Key Barriers and Facilitators

The main facilitators and barriers to the implementation of quality measurement in primary diabetes care in Shanghai are summarized in Table S1. Notably, indicators were uniformly implemented via a top-down process, with daily monitoring of family doctors’ work and pay-for-performance incentives for attaining national and local goals. While the patients interviewed had an initial preference to directly seek tertiary rather than primary care, we found that CHCs have improved at addressing patients’ needs and that some patients are gradually establishing trusting and continuous relationships with their family doctors.

Key barriers found in our study include the exclusion of frontline clinicians from indicator planning, a lack of transparent reporting on the quality of care patients receive, and a rigid organizational culture that leaves little room for bottom-up feedback. The issue of false reporting arose in some cases, particularly where the required thresholds were perceived to be beyond the reach of family doctors. Additionally, current indicators are not adjusted to patients’ social-demographic characteristics. Stakeholders also noted that further government investment is required to improve the clinical appropriateness of indicators and increase the level of quality measurements to international standards.


After more than a decade of health reforms, China has made considerable progress in the dimensions of social health insurance, structural investments in PHC facilities, and implementing a family doctor healthcare delivery model.19,21,29 However, little research has been published into the government’s approach to quality improvement in primary care, as perceived by different stakeholders. By analyzing the case of primary diabetes care in Shanghai, whose local government pioneered China’s recent PHC policies, we provide novel insights into how quality indicators are implemented in the Chinese PHC context.

In the studied setting, we found a rigid organizational culture, with quality measurements and associated policies being developed by China’s central government and passed down the hierarchical ladder. However, even within this rigid structure, there were several points of flexibility. Innovative and novel policies were being piloted in some CHCs, giving district- and municipal-level policy-makers an opportunity to consider wider implementation strategies through a process of trial and error. While pay-for-performance incentives exerted pressure on CHCs to compete, we found that within each CHC there was an atmosphere of collaborative teamwork. Lastly, we noticed a complex relationship of competition between CHCs and hospitals, as these entities gradually shift from competing for patients to collaboratively improving the quality of primary care.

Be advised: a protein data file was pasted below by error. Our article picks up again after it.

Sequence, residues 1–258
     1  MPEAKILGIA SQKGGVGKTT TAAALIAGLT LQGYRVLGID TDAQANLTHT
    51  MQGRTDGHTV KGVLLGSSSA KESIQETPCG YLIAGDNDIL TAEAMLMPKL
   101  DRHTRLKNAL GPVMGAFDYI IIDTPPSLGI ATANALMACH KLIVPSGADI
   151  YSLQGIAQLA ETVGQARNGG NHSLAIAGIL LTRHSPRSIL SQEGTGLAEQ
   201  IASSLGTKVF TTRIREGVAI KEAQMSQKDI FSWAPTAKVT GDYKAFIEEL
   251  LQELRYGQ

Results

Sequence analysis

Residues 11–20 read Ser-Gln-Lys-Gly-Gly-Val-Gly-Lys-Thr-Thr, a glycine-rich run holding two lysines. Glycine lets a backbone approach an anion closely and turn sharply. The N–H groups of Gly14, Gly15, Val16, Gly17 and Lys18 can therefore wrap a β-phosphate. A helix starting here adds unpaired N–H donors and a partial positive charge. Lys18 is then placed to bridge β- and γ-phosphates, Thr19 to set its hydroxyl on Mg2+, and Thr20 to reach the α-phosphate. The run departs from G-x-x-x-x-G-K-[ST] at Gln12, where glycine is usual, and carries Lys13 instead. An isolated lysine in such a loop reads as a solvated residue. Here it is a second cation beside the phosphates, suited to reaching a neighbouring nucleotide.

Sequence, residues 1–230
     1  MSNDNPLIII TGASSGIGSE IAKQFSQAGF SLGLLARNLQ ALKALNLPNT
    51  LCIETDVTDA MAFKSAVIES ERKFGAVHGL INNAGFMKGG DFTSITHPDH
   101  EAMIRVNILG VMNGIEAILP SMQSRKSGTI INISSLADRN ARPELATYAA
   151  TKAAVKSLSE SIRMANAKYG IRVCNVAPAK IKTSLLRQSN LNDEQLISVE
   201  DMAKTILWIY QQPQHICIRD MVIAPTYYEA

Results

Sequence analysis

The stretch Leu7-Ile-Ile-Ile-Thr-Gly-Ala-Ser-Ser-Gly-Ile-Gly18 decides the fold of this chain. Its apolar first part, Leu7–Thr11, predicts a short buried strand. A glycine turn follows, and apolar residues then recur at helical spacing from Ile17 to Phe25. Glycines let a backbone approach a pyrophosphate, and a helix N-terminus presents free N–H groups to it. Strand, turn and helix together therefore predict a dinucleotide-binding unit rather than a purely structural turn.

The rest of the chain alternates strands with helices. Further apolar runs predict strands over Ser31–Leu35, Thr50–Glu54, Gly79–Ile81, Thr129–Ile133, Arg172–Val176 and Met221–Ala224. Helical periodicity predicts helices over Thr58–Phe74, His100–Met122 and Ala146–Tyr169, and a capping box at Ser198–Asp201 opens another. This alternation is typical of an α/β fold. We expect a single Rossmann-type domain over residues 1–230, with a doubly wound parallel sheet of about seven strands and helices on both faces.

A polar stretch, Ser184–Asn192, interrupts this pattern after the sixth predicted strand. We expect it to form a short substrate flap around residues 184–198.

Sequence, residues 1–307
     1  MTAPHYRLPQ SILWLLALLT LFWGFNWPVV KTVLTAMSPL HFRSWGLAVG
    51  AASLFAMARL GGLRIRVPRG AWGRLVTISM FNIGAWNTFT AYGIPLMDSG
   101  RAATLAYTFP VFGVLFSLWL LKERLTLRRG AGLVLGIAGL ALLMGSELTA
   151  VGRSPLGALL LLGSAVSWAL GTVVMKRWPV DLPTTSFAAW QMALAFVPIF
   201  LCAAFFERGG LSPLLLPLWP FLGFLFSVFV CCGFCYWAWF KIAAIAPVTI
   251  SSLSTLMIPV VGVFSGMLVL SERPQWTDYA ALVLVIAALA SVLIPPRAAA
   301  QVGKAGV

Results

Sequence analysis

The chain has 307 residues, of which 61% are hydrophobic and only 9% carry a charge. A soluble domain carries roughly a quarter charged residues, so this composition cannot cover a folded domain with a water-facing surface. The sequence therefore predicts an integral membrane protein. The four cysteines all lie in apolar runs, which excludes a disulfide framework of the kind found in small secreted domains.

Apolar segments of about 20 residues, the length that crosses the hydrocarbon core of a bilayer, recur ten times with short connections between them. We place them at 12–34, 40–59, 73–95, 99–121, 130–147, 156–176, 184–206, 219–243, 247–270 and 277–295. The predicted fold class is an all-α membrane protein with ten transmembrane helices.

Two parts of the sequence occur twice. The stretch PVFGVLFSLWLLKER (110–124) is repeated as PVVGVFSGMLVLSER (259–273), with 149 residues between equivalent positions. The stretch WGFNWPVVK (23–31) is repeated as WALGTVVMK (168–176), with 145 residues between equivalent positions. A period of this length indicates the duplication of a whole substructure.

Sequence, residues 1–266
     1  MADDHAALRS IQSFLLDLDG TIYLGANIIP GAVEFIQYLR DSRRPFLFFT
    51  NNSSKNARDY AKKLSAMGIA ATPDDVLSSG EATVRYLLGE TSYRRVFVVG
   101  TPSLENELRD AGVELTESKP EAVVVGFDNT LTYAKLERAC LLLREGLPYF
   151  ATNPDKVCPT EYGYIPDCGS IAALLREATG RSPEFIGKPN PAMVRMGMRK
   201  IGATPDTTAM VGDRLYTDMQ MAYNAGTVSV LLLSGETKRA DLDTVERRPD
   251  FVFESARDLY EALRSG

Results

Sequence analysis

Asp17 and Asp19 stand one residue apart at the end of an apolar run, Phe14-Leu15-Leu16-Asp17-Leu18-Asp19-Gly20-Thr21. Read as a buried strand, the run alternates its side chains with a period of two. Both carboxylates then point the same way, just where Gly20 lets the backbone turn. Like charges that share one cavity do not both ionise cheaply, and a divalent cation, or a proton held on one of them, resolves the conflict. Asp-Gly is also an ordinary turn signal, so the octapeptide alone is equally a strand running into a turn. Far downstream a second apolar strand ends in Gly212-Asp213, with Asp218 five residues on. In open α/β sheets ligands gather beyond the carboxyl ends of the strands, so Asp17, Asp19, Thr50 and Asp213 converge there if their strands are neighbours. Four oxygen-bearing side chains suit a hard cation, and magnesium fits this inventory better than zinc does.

Our investigation shares several findings with other studies conducted in China where CFIR was applied to analyze barriers and facilitators to implementation. In their study on the implementation of evidence-based public health in China, Shi et al54 found that “although external policies proposed that practitioners implement evidence-based practices… government funding was insufficient.” This finding coincides with the “cost” barrier in our study for implementing HbA1c testing in the community, although other evidence shows that HbA1c levels are the strongest predictor of myocardial infarctions and stroke among patients with diabetes.55 It is important to note that major improvements in access and standardization of HbA1c testing have been achieved in China. For instance, the number of laboratories that participated in the Shanghai-led “Glycohemoglobin Harmonization Program” increased from just 9 laboratories in Shanghai itself to 192 laboratories throughout China between 2010 and 2018.56

Access to advanced testing and expertise in primary care can be further improved by strengthening partnerships between CHCs and tertiary hospitals, as the latter can share medical resources and professional knowledge with health practitioners who serve the community. Findings included under the “network and communication” CFIR construct showed that specialists support the work of family doctors by providing training and patient consultations in CHCs. According to other studies conducted in Shanghai, similar approaches have shown great success both within an integrated hospital–community diabetes management program and in a community-based colorectal cancer screening program.32,57 In many low- and middle-income countries, tertiary facilities have more resources at their disposal, while primary care institutes have better access to the community; therefore, strengthening hospital–community partnerships can have a profound impact.2

Within CHCs, our findings suggest that CHC managers prioritize an organizational culture of team effort and collaboration among community health workers. For managers of CHCs, assuring “team cohesion”(interviewee M04)was appreciated as a high priority, while for family doctors, leadership that encourages cooperation and concern toward PHC staff produces a “harmonious” atmosphere (interviewee FD01)and feelings of being part of a “big family”(interviewee FD03). These perceptions were noted among interviewees from all CHCs included in the study, thus our findings suggest that this collaborative culture may be widespread. While these findings may contrast with the “rigid” (interviewee PM01) administrative culture outside of CHCs, the analogy used by the district leader quoted may appear to be fitting, as CHCs can be interpreted as cohesive troops within the “militarized”(interviewee PM01)hierarchical structure.